Trying to stop the thoughts will not work and will just lead you down a vortex of futility. Instead, accept that they exist, and they're annoying, but they don't deserve any more mental energy than "Oh....that was weird." Certainly not a whole hour of therapist-time when you'd rather be discussing things that actually matter to you, things that actually deserve your mental real estate. And eventually, as you let their importance fade, their frequency will fade, too. I promise that this will happen. I also promise that you're normal and these thoughts are not going to cause you to commit suicide against your will.
posted by granted at 5:25 PM on September 11, 2012 [4 favorites]

So I have suicidal thoughts all the time, because my brain is fucked up like that. And it is fucked up--brains aren't supposed to do that--but they're passing thoughts with no edge, because my depression is managed well with meds. At this point, it's static, but it's static I get a lot because the radio of my brain is messed up in that way.

I'd just track them and not worry about them unless they feel urgent, in which case get help right away, just as if you were having symptoms of a heart attack.

My own experience is that they don't lessen in frequency, just in intensity and urgency. I think I have as many passing thoughts of suicide now that I'm happy and my depression is well managed as I did when I was actively suicidal; it's just now I can identify them as static, not signal.
posted by Sidhedevil at 5:53 PM on September 11, 2012 [1 favorite]

I have problems with intrusive thoughts as a part of Tourette Syndrome.* When I'm depressed, I have really bad, obsessive thoughts about hurting myself. Here are some methods I've used to stop them.

-As soon as a self-harm thought crosses my mind, I breezily and quickly tell myself "Nope, you don't have those thoughts any more, that's not something you think about, nope nope nope hell nope nopity nope nope!" Similar: "You are not a person who hurts themselves, that's not something you do, that's not you, you don't do that." I know some people get all weepy-eyed about not being able to deal until you wring every tear out of every shitty feeling you've ever had, but this is an intrusive thought that is harming your life and you're allowed to tell yourself to shut the fuck up as soon as it starts.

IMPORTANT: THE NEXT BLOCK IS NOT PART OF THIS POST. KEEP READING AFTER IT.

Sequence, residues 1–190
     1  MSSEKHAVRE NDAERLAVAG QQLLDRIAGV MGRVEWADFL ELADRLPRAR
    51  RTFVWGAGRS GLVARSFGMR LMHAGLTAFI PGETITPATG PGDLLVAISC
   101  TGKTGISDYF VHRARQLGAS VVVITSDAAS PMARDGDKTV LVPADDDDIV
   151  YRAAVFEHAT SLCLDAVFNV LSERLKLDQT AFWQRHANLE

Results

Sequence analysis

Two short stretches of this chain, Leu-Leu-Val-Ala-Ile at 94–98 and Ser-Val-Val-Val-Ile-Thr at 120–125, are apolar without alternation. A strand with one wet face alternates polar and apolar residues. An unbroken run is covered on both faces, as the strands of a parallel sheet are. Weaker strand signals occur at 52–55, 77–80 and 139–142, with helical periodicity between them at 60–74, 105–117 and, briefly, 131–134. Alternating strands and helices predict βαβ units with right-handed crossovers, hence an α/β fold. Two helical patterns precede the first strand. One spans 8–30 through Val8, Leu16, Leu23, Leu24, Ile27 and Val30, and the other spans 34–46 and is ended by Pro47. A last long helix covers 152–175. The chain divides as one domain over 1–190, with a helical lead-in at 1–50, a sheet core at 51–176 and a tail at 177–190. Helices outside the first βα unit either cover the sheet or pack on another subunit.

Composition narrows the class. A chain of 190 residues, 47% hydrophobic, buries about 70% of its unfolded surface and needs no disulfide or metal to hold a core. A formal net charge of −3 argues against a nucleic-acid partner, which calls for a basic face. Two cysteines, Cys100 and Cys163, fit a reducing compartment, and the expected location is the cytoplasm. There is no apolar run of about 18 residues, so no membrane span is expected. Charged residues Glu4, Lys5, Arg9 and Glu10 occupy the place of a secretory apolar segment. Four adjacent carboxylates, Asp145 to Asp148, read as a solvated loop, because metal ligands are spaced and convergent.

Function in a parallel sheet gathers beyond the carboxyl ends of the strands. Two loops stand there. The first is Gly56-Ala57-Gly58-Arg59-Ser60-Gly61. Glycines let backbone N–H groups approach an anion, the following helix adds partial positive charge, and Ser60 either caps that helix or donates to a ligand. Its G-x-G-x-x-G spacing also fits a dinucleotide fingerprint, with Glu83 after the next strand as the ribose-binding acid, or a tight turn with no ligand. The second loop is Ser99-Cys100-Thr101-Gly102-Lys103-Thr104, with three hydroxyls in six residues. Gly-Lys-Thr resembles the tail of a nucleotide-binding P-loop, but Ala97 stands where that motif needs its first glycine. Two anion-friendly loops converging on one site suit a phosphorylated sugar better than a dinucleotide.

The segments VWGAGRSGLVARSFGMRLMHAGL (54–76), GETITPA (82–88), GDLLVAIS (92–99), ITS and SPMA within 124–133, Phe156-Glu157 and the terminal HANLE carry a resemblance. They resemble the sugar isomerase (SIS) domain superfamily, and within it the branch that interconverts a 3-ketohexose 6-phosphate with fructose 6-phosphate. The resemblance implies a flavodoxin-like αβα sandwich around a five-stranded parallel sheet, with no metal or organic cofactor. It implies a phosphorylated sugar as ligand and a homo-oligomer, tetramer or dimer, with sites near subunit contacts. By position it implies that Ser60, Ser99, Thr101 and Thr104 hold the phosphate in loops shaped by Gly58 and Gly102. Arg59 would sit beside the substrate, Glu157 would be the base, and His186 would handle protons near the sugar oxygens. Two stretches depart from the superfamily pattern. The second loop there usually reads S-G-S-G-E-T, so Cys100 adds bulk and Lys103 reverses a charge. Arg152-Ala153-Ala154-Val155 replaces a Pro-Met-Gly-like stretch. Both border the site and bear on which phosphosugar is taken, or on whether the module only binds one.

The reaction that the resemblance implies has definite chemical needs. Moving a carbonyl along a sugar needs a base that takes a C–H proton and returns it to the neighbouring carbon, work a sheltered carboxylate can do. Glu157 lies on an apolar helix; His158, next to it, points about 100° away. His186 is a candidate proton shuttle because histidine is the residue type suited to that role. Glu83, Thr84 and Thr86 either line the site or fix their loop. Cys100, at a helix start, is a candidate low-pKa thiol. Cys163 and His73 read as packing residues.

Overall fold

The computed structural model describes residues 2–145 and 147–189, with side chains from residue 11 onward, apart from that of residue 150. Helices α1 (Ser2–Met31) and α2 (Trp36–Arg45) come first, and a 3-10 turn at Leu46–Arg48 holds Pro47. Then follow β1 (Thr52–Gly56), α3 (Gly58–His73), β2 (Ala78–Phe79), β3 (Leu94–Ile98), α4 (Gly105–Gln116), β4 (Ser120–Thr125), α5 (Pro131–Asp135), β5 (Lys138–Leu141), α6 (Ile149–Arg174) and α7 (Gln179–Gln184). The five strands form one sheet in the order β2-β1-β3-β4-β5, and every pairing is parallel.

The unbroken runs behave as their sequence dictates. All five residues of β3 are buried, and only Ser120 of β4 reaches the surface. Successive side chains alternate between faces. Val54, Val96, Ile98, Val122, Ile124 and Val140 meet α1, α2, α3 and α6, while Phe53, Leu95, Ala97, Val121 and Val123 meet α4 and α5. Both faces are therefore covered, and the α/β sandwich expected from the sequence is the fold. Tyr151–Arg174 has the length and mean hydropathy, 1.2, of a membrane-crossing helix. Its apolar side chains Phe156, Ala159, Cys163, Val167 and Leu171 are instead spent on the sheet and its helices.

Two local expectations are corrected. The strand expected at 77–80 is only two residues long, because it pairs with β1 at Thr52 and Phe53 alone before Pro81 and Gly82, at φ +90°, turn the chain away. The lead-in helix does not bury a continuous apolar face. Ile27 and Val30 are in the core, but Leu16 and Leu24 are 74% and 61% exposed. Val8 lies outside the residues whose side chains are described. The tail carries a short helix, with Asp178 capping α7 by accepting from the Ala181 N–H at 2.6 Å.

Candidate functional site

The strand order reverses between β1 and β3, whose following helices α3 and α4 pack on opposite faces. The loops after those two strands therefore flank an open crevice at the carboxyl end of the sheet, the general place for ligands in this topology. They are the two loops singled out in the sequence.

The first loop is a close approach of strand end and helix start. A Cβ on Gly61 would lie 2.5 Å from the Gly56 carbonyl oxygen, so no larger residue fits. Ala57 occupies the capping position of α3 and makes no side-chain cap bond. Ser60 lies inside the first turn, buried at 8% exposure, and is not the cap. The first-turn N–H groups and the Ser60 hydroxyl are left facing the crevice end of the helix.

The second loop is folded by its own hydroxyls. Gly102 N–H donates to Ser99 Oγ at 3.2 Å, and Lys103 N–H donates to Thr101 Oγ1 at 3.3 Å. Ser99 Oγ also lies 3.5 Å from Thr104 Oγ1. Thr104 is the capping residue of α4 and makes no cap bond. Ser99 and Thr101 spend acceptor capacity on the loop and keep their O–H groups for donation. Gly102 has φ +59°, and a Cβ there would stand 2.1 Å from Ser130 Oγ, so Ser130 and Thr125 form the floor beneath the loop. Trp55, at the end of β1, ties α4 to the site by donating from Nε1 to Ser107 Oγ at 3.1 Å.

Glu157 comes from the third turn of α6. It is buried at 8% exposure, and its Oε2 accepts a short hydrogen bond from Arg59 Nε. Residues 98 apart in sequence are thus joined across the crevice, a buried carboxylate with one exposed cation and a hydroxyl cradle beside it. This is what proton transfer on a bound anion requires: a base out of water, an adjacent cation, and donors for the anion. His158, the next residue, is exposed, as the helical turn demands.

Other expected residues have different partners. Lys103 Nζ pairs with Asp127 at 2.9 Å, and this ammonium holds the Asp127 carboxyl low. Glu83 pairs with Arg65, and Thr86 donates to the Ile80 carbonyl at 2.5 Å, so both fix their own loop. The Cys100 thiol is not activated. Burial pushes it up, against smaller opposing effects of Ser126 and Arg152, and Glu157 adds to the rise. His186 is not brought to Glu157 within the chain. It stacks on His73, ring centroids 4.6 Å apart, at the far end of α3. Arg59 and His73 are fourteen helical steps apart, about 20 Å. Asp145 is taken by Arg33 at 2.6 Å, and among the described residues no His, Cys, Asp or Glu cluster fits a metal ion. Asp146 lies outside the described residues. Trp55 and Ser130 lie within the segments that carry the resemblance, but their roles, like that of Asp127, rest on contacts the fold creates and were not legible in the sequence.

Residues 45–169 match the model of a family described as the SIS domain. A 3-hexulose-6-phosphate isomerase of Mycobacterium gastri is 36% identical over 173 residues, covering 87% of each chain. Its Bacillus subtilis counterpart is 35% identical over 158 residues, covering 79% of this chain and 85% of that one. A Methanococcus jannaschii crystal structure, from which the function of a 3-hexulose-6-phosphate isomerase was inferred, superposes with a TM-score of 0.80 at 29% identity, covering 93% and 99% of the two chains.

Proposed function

-My CBT therapist gave me a guided relaxation/breathing tape that instructs me to tense different groups of muscles in my body, then relax them. It sounds super cheesy and simplistic, but it's good for me to have an escape/something to look forward to on spectacularly shitty days; half an hour in a dark room laying almost motionless with my mind empty. I always, always feel better afterward and with a lot of practice it's given me the ability to do some breathing exercises and calm down for when I start freaking out and I'm at work and I can't exactly go lay down for a half an hour on the conference room table.

-When I'm really bad-like, "do I have the will power to throw myself in front of an El train?" bad-I tell myself that I can kill myself when my dog dies, but until then I need to struggle and get through this, because I can't leave that poor dog starving alone locked in an apartment with my corpse, and I can't imagine him as happy with anyone else. I tell myself, "Fine, you're going to kill yourself, but you're going to do it in ten years, and you might as well hurry up and get on with your life because you have another ten years of this to get through."

-DO NOT DO THIS WHEN YOU ARE DEPRESSED, but read some articles and stories written by people who outlived their suicidal loved ones. You can tell yourself "no one would miss me if I was gone," but you will leave a huge amount of anger, guilt, sorrow, and grief behind you. Suicide is a selfish act. Don't be that asshole.